Scottish exams shake-up decision delayed while schools tackle alarming post-Covid behaviour and attendance crisis
Education secretary Jenny Gilruth has pushed back a decision on a major shake-up of Scottish qualifications to give schools time to tackle rising classroom violence and poor attendance.
The SNP minister suggested her discussions with teachers had cast doubt over claims there was currently an appetite for “radical reform”, while staff deal with a series of alarming trends in the wake of the Covid-19 pandemic.
Ms Gilruth previously made clear she “really worries” about the cohorts which faced the most disruption during the pandemic, and stressed the Government would need to continue to “respond to that” for “years to come”.
The education secretary has still not given her verdict on proposals tabled in June following a review led by Professor Louise Hayward, which recommended axing exams at S4 and creating a new Scottish Diploma of Achievement.
In an update at Holyrood on Tuesday, she instead said she would bring forward a debate on the recommendations next year.
The education secretary, a former teacher, said: “For every ardent supporter of radical reform tomorrow, there are ten teachers telling me about the other challenges they face at the chalkface, challenges which Government needs to work with Cosla and our trade union partners to resolve.”
When Prof Hayward’s report was published in June, Ms Gilruth decided to pause a wider programme of education reforms, including the scrapping and replacement of the Scottish Qualifications Authority (SQA) and Education Scotland.
She said she wanted to properly consider the wide-ranging recommendations made in a series of reports, including the Hayward review, the “national discussion” on the future of education, and the Withers report on skills delivery.
In evidence published ahead of a meeting of Holyrood’s education committee on Wednesday, the Association of Directors of Education Scotland (Ades) claimed the number of recent reports and recommendations had “paralysed the system”, as it called on ministers to make “brave decisions” on reform.
But a former teaching leader told The Scotsman in August that Ms Gilruth would be getting feedback from other teachers that “if you take external assessment out of secondary school level subjects, you will get an uptick in poor behaviour”.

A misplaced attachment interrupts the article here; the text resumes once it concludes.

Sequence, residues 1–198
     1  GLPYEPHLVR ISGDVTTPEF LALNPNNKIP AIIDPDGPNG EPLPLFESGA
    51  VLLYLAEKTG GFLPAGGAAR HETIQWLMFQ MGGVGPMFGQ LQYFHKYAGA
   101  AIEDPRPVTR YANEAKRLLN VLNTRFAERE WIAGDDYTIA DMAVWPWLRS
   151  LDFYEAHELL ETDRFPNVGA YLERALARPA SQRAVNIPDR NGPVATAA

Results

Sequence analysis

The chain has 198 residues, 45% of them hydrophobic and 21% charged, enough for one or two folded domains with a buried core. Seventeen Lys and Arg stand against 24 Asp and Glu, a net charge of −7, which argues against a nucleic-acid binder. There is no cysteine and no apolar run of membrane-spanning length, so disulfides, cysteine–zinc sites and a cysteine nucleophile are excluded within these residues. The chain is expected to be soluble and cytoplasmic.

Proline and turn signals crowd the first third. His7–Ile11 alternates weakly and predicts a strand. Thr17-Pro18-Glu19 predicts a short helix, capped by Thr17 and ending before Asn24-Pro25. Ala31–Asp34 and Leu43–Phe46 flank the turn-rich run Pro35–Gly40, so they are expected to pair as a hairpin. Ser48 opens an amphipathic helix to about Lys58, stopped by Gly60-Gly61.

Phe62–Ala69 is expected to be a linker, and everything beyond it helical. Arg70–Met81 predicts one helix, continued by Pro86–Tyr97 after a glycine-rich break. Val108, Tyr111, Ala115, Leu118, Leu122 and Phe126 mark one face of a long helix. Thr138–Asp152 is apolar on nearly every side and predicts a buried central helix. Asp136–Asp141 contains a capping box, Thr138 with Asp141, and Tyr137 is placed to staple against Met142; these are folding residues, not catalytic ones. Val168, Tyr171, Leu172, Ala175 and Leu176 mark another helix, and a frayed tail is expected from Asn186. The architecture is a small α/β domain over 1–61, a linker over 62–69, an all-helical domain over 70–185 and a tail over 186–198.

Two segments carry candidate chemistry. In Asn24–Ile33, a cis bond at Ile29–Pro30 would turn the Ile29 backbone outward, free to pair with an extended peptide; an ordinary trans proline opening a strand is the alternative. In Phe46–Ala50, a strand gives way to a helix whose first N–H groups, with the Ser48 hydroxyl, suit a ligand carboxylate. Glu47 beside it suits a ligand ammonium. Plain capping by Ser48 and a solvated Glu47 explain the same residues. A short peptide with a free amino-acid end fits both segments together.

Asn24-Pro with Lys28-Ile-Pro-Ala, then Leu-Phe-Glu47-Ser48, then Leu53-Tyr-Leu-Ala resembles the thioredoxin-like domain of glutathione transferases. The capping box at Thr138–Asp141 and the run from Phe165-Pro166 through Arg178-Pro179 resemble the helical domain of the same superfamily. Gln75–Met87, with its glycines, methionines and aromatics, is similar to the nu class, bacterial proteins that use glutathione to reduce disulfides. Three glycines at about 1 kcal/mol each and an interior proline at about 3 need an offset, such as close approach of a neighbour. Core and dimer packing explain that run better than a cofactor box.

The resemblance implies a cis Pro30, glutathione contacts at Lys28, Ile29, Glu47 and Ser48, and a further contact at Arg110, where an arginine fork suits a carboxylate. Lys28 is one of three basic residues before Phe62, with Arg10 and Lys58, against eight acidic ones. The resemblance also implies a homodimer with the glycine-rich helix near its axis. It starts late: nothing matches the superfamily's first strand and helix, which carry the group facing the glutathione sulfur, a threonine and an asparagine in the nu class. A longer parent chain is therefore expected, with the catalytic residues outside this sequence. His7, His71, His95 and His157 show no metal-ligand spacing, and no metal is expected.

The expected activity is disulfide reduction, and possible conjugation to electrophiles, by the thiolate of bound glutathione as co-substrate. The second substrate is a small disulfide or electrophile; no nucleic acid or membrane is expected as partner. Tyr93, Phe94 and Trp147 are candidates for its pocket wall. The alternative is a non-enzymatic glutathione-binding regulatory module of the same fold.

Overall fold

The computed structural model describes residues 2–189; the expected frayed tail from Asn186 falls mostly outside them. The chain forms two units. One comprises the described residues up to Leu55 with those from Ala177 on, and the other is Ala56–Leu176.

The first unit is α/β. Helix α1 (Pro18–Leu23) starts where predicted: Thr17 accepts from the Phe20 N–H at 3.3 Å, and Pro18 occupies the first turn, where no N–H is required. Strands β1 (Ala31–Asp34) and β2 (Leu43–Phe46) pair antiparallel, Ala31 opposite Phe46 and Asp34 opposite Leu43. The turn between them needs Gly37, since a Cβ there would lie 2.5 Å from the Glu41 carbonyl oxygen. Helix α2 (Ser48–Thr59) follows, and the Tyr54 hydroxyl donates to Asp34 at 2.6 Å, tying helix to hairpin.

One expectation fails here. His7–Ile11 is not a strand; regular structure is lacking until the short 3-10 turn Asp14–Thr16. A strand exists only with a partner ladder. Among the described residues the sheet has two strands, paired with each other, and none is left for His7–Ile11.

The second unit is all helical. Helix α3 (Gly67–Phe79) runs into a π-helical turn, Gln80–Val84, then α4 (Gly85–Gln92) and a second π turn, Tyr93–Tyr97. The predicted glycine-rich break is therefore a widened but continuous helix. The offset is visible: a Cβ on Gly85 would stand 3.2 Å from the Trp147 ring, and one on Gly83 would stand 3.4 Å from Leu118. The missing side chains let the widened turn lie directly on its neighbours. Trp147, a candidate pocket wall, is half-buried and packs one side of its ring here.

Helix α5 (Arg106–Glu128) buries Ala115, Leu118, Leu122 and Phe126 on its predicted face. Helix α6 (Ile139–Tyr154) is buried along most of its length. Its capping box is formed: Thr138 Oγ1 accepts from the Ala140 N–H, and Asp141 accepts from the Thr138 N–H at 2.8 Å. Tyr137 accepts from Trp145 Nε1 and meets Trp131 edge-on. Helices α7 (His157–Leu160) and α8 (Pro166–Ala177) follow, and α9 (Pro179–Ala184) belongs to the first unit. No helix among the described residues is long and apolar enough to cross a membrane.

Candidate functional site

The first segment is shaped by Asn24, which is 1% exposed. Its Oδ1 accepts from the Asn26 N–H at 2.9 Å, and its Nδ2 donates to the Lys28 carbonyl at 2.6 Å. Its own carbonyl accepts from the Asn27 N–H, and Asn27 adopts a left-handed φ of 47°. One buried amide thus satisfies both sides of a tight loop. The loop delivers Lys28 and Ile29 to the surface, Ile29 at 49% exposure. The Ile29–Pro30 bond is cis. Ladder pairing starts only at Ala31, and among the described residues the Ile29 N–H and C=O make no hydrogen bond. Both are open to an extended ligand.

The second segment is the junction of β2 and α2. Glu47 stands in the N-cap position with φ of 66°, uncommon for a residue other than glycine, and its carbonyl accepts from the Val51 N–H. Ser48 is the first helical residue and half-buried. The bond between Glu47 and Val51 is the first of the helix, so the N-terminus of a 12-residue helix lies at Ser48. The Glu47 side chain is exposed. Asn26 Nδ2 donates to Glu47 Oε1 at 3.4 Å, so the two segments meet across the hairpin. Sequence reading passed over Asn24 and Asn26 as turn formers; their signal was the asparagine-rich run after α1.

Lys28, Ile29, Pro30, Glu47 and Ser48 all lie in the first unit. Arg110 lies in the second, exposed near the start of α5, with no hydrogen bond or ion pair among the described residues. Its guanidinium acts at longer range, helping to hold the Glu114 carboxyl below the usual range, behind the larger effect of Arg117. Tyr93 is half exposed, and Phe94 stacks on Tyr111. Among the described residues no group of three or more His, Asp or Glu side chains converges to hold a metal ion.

In her statement on Tuesday, Ms Gilruth announced the launch of a consultation on new legislation to replace the SQA and Education Scotland, which runs until December 18, with the proposed Education Bill to be introduced later this parliamentary year.
But she said any changes must reflect how Covid-19 and the cost-of-living crisis had “fundamentally changed” learning and teaching.
"If reform doesn’t recognise the changes in our classrooms– whether they be developmental delays, changed behaviour, communication or even on attendance – then it will not carry credibility,” she said.
On the Hayward review, Ms Gilruth added: "We undertook a survey with teachers and lecturers on the report, which received over 2,000 responses. And whilst agreement on the need for change was clear, there are varying views on next steps, and on the perceived appetite for radical reform.
“And I cannot in this context ignore the challenges our schools are currently responding to, so I must balance that reality with any reform of our qualifications system."
It was also announced Ms Gilruth would chair a ministerial group on education and skills reform.
Scottish Conservative education spokesman Liam Kerr said: “There will be huge disappointment that having had six months to consider education reports, all the education secretary could promise was more working groups and forums and more confusion that the Association of Directors of Education warned of.
“We need to see urgent action instead of more dithering and delay. But it is essential that the needs of pupils are prioritised throughout this process – and throughout any other education reforms – as the SNP have let them down all too often.”
Meanwhile, Ms Gilruth said a review of Regional Improvement Collaboratives (Rics), partnerships between local authorities to boost leadership and improvement goals, had led to a decision to taper funding from the Rics from next year, “repurposing” it “to better support teachers in our classrooms”.
And she revealed a proposed new Centre for Teaching Excellence would be hosted by a university, working closely with the Scottish Council of Deans of Education to link the school sector with the university sector at national level.
Liberal Democrat education spokesman Willie Rennie said: “There is a clear need for change in Scottish education, but the Government's statement today ducked all the big questions. Details on skills and qualifications forms are still to come.
"The only thing which was new was the abolition of the centrepiece of [former deputy first minister] John Swinney's reforms.”
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